This allocator works basically the same way as the the stack allocator: it consists of an arena of huge blocks of memory used linearly (a new block is allocated only when the next allocation cannot fit in the current block). Instead of using a frame-based model, the FIFO allocator uses a per-block size-accounting mechanism. Each block maintains the amount of allocated memory it contains. When all the data contained in a block has been released, the block itself is released. Blocks are allocated using mmap in order to ensure they will not interfere with the heap (and thus will not cause fragmentation).

Since the FIFO allocator shares the same allocation pattern (but not the same deallocation pattern) as the stack allocator, it shares some properties. One of the them is the fact that consecutive allocations are adjacent. However, the induced locality improvement is less important due to the usage pattern of FIFO allocators: most of the time, this is used to allocate independent elements that will rarely be used together.

The FIFO allocator is designed to be used in a single-threaded environment and thus is not subject to contention issues.


We ran our uncontended benchmark with the FIFO allocator in order to compare its performances with malloc()‘s performances:

Scenario Allocation Deallocation Memory time
Uncontended 1100ms (90M/s) 638ms (156M/s) 1.5GiB 5.30s

As for the stack allocator, the FIFO allocator outperforms malloc() implementations. However it is a bit slower than the stack allocator because it has to track each allocation independently and may not have been as optimized as the stack allocator.

Ring allocator

The ring allocator is somehow a mix between the stack and FIFO allocators. It uses frames to group allocations and allows constant time deallocation of a large number of allocations while having a mostly-FIFO usage pattern. The frames in the ring allocator are not imbricated in the previous ones, each frame is independent and self-contained.

In order to allocate memory in the ring allocator, the first step is to create a new frame. This requires that the previous frame has been sealed. Once a frame is opened in the allocator, allocations can be made and will automatically be part of the active frame. When all the allocations have been done, the frame must be sealed. A sealed frame is still alive, that means that the allocations it contains are still accessible, but the frame just cannot accept new allocations. When the frame is not needed anymore, it must be released.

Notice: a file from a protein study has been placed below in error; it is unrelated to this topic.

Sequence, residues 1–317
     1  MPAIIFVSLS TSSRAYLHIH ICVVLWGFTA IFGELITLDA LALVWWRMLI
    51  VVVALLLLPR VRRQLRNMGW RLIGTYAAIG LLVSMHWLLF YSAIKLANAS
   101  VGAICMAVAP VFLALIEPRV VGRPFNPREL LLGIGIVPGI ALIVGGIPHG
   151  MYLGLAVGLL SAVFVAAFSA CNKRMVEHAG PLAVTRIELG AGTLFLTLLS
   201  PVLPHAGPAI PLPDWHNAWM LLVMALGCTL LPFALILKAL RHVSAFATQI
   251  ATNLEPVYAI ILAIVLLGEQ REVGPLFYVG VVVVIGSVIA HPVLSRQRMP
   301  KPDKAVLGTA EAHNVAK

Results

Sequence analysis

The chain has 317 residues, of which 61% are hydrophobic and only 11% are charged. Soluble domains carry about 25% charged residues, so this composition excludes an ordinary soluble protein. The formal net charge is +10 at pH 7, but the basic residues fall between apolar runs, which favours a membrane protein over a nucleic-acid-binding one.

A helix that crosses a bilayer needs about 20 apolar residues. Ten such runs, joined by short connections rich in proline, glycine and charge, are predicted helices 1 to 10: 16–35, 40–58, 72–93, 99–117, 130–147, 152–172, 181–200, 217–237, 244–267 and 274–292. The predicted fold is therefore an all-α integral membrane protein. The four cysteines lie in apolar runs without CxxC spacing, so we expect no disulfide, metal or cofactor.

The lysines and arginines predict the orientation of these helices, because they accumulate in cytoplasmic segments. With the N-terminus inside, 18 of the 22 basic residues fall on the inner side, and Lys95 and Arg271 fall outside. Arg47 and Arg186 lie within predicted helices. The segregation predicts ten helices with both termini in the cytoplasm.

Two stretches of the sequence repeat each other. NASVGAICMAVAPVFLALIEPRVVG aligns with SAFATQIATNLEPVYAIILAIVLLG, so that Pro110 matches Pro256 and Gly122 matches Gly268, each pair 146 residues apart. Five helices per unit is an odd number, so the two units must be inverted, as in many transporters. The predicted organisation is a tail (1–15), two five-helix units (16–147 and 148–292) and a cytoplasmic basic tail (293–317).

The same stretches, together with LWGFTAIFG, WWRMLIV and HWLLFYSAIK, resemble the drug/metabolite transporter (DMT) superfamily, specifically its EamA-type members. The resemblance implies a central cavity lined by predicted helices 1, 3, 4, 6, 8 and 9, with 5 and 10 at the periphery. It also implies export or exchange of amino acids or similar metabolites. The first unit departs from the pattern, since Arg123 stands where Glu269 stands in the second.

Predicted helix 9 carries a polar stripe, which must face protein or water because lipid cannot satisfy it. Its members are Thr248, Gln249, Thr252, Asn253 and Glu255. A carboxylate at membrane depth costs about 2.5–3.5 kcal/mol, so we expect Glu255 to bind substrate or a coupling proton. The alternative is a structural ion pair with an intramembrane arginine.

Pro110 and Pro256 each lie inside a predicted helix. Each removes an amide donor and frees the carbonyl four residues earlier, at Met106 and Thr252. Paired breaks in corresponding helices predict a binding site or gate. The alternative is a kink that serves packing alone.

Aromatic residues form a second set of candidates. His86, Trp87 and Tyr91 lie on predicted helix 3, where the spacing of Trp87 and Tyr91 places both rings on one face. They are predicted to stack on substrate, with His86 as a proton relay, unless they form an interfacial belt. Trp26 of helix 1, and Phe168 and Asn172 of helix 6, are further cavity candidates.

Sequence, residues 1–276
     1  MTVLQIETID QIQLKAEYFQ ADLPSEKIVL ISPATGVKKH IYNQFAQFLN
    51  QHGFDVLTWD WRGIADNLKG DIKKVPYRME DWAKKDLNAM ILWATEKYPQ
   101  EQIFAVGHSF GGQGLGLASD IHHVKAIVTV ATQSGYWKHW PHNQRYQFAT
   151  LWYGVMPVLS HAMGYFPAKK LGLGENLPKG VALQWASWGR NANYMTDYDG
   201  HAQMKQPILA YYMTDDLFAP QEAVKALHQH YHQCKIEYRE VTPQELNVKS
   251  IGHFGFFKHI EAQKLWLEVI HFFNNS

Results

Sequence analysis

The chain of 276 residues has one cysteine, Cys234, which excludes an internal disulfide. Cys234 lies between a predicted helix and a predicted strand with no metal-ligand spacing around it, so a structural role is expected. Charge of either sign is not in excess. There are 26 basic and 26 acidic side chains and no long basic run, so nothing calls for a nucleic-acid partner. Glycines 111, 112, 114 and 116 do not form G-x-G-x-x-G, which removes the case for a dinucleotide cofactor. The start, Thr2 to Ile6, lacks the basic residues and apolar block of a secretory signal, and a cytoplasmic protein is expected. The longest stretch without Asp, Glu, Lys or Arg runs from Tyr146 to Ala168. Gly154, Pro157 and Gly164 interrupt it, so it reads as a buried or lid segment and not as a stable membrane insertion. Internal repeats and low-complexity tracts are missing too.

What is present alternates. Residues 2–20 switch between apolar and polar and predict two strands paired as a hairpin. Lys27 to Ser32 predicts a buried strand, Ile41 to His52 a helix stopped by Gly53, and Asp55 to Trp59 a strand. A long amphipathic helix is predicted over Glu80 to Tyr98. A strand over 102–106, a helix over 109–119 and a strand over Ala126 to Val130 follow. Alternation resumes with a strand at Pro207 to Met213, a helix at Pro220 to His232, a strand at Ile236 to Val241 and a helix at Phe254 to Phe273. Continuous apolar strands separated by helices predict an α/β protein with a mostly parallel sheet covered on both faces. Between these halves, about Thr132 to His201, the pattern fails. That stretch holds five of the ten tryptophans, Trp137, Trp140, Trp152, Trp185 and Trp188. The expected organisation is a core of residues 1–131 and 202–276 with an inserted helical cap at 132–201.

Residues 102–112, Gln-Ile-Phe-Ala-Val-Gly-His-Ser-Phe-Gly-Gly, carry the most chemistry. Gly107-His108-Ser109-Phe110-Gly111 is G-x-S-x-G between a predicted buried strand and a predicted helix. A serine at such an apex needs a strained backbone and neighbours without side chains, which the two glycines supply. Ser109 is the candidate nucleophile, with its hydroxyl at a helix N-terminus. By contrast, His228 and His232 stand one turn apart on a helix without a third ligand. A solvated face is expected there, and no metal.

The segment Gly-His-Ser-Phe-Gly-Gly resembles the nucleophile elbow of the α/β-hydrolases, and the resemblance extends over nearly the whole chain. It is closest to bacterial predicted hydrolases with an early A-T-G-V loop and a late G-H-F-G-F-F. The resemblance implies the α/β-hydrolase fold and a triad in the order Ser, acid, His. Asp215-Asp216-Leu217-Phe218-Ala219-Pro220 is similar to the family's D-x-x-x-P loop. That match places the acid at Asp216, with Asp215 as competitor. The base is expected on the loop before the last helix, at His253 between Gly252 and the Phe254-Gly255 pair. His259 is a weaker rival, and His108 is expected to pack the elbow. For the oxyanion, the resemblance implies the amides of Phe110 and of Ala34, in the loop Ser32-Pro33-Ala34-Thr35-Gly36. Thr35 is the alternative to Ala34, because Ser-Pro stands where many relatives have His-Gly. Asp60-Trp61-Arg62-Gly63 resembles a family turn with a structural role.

Releasing memory in the ring allocator is thread safe. This makes that allocator very useful to build messages to be transferred for processing to a worker thread. In that context it works as a nearly immediate replacement of the t_stack for code that need multi-threaded treatment.

/* Single threaded version, use t_stack.
void do_job(void)
    job_ctx_t *ctx = t_new(job_ctx_t, 1);


/* Multi-threaded version, using ring allocation.
 * Note that it uses Apple's block extension.
void do_job(void)
    const void *frame = r_newframe();
    job_ctx_t *ctx = r_new(job_ctx_t, 1);


In this use case, frames get released in mostly-FIFO order.

Once again, we ran our benchmark using that allocator. Since the ring allocator is thread-safe, the benchmark covers both the contended and the non-contended cases:

Scenario Allocation Deallocation Memory time
Uncontended 861ms (116M/s) 0ms 764MiB 2.82s
Contended 862ms (116M/s) 0ms 764MiB 2.83s

Other custom allocators

This article covers three custom allocators we have at Intersec. These three allocators are not for a general purpose: they are optimized for specific usage patterns. Thankfully, most of the time a combination of these three allocators is enough to avoid most issues we can encounter with malloc() such as the lack of locality, locking contention during allocation and heap fragmentation.

However, sometimes this is not the case and we have no choice but to build a custom implementation of a general purpose allocator to fit with our performance requirements. For this reason, we also have a TLSF (Two Level Segregate Fit) based allocator. TLSF is an allocation algorithm that has been designed for real-time processing, it is guaranteed to operate in constant time (for both allocation and deallocation).

More anecdotal, we also have some page allocators and a persistent allocator. This last one will probably be covered in a future article.

Next: debugging tools

In the final article of this series, we will cover tools to deal with memory issues.

  1. before introducing the t_scope macro, developers had to explicitl y t_push() and t_pop() frames, but this was too dangerous and led to several bugs due to missing t_pop() (mostly in error handling cases), themselves leading to memory leaks. The introduction of the t_scope, even if it is not pure C, allowed much safer code since the developers do not have to care about the error cases, and the t_scope also automatically checks the push/pop balancing. []
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Florent Bruneau

When you do things right, people won't be sure you've done anything at all. - Futurama, 3x20 Godfellas. On twitter @FlorentBruneau.